After Russia, EU Slams Trump's Peace Plan: Challenges Basis for Palestinian State

Foreign policy chief criticizes plan's rejection of 1967 borders, reiterates EU's commitment to two-state solution ■ Kremlin says blueprint infeasible

Noa Landau
Noa Landau
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Josep Borrell speaks during a debate at the European Parliament in Strasbourg, France on January 14, 2020.
Josep Borrell speaks during a debate at the European Parliament in Strasbourg, France on January 14, 2020.Credit: FREDERICK FLORIN / AFP
Noa Landau
Noa Landau

The Trump administration's plan for Israeli-Palestinian peace "challenges many of the internationally agreed parameters" for ending the Israeli-Palestinian conflict, the European Union's top diplomat said on Sunday.

High Representative of the European Union Josep Borrell said that the plan throws into question "the 1967 border, as agreed by both parties, with a state of Israel and an independent, viable state of Palestine, living side-by-side in peace, security and mutual recognition."

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Speaking in Jordan, Borrell said Amman "plays a very special role" in efforts to end the conflict, noting its role as custodian of holy sites in Jerusalem. "We share the commitment to a two-state solution and respect for international law," he added.

Earlier Sunday, Russian news agencies cited a Kremlin spokesman as saying that the plan contravenes several United Nations resolutions and questioning the plan's feasibility.

"We see the reaction from the Palestinians, we see the reaction of a wide range of Arab states which have sided with the Palestinians in rejecting the plan. This, obviously, makes one think about its feasibility," Dmitry Peskov was quoted as saying.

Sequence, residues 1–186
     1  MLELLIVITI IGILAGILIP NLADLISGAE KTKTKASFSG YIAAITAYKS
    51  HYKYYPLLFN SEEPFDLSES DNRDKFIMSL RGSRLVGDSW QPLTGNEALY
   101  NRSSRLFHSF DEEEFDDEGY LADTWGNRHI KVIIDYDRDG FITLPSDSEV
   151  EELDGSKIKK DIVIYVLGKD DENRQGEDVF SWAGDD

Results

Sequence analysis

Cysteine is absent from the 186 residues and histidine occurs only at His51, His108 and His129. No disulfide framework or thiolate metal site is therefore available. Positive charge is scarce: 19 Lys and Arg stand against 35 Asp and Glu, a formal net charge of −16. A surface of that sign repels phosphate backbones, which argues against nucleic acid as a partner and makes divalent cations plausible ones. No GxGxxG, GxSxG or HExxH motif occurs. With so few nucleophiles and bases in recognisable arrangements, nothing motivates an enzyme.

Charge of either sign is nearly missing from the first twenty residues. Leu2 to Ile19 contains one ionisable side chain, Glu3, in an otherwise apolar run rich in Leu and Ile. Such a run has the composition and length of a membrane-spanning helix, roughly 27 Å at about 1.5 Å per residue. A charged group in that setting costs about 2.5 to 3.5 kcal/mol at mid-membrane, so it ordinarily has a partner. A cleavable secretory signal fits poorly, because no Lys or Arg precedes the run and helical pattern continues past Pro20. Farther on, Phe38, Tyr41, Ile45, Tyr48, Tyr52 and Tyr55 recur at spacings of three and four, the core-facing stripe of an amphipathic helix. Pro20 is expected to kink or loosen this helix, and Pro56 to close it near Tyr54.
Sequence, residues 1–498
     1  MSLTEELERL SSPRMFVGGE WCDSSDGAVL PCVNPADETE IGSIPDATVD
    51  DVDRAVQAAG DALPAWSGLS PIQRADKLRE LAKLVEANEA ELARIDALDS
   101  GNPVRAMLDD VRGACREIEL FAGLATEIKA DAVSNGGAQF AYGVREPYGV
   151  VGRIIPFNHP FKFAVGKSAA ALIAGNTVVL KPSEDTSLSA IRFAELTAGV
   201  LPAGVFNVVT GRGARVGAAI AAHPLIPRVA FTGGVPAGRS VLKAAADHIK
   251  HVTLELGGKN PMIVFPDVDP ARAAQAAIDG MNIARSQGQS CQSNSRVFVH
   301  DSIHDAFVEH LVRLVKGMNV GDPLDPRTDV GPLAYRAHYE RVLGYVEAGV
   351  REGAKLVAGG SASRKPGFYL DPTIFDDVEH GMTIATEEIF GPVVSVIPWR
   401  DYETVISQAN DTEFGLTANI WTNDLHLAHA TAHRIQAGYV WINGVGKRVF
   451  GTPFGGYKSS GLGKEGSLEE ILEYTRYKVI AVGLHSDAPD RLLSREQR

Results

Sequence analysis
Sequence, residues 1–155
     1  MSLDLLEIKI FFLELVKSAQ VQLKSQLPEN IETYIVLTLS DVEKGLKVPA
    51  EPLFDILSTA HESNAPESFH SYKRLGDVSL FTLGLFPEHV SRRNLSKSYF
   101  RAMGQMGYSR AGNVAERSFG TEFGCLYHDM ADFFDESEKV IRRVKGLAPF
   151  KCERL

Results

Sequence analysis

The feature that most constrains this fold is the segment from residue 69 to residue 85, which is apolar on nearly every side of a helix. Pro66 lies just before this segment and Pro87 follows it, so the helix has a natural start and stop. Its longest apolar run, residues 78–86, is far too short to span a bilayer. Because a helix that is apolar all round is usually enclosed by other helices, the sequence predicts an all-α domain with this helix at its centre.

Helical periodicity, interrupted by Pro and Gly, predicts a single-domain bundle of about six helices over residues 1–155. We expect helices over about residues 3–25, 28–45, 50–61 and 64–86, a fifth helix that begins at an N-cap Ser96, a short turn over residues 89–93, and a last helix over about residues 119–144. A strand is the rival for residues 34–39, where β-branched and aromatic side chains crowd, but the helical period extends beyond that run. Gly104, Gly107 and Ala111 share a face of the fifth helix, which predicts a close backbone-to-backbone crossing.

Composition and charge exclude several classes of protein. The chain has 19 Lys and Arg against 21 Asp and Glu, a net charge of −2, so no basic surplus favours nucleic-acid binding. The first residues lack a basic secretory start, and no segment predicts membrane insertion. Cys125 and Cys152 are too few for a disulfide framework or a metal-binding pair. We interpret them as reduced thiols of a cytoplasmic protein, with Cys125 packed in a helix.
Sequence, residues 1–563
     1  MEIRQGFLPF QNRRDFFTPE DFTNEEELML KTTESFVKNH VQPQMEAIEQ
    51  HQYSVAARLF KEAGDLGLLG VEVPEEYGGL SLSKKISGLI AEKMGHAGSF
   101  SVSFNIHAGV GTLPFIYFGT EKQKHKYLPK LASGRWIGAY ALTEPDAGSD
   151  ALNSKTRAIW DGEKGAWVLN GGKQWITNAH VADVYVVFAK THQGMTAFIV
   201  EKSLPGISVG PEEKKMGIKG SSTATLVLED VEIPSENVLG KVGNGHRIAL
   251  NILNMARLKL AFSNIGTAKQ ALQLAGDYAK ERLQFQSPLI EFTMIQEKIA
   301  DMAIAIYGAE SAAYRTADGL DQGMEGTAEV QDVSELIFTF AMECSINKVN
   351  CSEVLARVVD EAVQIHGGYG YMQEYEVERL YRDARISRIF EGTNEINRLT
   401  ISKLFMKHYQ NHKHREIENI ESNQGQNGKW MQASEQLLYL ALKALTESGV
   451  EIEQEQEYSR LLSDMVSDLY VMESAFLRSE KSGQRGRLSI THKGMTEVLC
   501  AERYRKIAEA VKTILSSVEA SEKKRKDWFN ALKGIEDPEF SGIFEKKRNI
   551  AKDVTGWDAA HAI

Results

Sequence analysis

U.S. President Donald Trump unveiled the long-awaited proposal last week in Washington. It would allow Israel to annex all its West Bank settlements — which the Palestinians and most of the international community view as illegal — as well as the Jordan Valley, which accounts for roughly a quarter of the West Bank.

Mahmoud Abbas holds a placard showing maps of Palestine at an Arab League emergency meeting, Cairo, February 1, 2020Credit: AFP

In return, the Palestinians would be granted statehood in Gaza, scattered chunks of the West Bank and some neighborhoods on the outskirts of Jerusalem, all linked together by a new network of roads, bridges and tunnels. Israel would control the state’s borders and airspace and maintain overall security authority. Critics of the plan say this would rob Palestinian statehood of any meaning.

The plan would abolish the right of return for Palestinian refugees displaced by the 1948 war and their descendants, a key Palestinian demand. The entire agreement would be contingent on Gaza’s Hamas rulers and other armed groups disarming, something they have always adamantly rejected.

The Associated Press contributed to this report.

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